Click here for the article of The Times Higher Education, 7th January.
Many in the humanities feel that their disciplines and relevance are under attack. Matthew Reisz asks if 'the best that has been thought and said' still has a place in today's universities.
Whatever is happening in America, the liberal-arts model is being taken up enthusiastically elsewhere. Santiago Iniguez de Onzono is rector of the IE University in Segovia, which offers English-language courses in architecture, biology and communications as well as MBAs and other management qualifications clearly designed to create business leaders.
"We believe the American system is very strong," he says. "Specialisation begins too early in Europe, and it doesn't allow for the development of the person through a well-rounded education. Business people need to learn more about history, anthropology and so on because their decisions affect the lives of many others."
All IE students are now required to take a ten-class "world awareness seminar", supplemented by a wide range of elective courses. It can only help that these include a mixture of classical and contemporary culture: "watching a film by Michael Moore might be more relevant than learning about Gothic cathedrals", observes the rector.
It is also possible to integrate culture with core competencies. IE brings in actors from the Globe Theatre, for example, to teach Shakespeare alongside practical breathing techniques and communication skills.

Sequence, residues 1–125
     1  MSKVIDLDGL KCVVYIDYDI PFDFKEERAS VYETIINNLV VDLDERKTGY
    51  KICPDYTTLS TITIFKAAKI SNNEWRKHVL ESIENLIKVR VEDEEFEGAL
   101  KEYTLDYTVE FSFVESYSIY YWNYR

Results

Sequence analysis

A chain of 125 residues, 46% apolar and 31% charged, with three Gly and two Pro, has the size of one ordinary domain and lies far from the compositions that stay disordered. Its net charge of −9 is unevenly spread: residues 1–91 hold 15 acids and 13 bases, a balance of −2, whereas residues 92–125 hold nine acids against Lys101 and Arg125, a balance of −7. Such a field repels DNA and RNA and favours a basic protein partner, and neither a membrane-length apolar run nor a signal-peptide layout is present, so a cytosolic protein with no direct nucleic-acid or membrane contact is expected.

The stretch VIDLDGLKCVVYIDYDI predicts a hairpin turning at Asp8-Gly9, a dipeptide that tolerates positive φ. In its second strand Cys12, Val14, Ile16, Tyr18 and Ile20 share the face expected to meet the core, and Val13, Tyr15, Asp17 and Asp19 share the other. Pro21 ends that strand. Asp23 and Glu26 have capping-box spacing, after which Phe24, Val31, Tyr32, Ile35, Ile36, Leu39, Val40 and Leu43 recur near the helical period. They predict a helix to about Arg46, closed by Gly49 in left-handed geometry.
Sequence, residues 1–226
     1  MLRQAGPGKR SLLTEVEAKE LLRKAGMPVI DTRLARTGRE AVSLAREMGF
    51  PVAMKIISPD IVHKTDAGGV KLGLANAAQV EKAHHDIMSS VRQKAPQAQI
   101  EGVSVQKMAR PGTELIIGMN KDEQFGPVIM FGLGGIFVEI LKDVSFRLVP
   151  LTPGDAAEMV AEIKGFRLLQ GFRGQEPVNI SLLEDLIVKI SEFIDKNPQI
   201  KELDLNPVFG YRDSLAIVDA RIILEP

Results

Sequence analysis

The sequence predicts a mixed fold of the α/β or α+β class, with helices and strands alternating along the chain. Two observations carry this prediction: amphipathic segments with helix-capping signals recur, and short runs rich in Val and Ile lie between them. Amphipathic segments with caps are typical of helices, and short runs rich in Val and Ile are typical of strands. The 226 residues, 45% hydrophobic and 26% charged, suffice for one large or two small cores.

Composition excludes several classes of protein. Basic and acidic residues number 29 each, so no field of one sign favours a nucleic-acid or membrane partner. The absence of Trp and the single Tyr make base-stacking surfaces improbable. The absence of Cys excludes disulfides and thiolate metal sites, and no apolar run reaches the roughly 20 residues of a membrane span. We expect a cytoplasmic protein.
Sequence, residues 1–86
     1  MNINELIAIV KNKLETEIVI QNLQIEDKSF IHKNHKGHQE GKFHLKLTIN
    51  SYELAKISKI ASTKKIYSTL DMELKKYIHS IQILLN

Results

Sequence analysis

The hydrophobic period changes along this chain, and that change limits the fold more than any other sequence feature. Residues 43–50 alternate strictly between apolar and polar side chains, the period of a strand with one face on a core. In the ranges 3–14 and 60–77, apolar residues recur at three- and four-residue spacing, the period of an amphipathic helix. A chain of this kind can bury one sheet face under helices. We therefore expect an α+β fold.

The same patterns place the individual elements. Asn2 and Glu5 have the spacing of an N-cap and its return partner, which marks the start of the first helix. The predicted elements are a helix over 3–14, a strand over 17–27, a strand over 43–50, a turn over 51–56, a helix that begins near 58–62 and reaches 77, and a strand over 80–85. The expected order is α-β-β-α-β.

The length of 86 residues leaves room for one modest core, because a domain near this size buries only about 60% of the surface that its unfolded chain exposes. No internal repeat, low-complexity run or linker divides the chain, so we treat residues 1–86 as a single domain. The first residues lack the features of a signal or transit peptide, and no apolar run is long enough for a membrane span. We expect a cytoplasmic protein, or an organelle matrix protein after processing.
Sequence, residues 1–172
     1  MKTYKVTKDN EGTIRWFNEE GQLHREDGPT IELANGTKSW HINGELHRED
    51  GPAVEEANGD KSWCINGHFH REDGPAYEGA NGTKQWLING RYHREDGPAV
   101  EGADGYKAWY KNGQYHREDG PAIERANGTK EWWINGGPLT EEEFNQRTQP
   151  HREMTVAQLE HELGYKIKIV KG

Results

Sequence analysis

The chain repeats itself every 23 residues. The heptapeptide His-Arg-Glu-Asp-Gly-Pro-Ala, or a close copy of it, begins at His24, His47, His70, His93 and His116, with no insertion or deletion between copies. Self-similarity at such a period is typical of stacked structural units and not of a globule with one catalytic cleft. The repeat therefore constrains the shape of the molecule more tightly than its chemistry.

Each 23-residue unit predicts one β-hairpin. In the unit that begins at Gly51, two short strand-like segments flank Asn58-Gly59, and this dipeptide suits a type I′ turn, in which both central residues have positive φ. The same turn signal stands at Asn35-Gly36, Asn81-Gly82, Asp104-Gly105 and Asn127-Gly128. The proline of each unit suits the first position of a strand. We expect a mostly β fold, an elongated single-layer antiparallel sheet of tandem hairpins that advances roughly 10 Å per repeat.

In broad terms, IE's policy represents a conscious educational philosophy rather than a direct market-driven response to the demands of students and recruiters. "We see students as the raw material rather than as clients," explains Iniguez, "and decide to a large degree what is best for them. Lots of MBA students might prefer an extra unit in finance rather the humanities. Yet it can often help financial managers, who tend to be very action-oriented, to become more reflective by taking a course in design.
"It took a long time for corporate recruiters to value business ethics as a necessary skill, so we are trying to anticipate other things they will need in the future (such as well-rounded individuals with broad cultural awareness). In Europe, we have developed universities that are too specialised. We need to bring the benefits of a general education and the liberal-arts tradition."
Some of IE's corporate partners are beginning to get the message, claims Arantza de Areilza, dean of the School of Arts and Humanities. "They feel that it is essential for students to gain a global mindset and language skills," she says, "and they don't just want 24- or 25-year-olds with very specialist training. They are looking for a critical spirit, sensitivity to other cultures, writing skills and strong analytical skills.
"We also created specially tailored courses for the top management at (media companies) Telecinco and PubliEspana that touch on issues of migration and the impact of new technologies on our daily lives. We need to extend the view of our students beyond what more traditional technical studies teach." The humanities can answer some of these needs.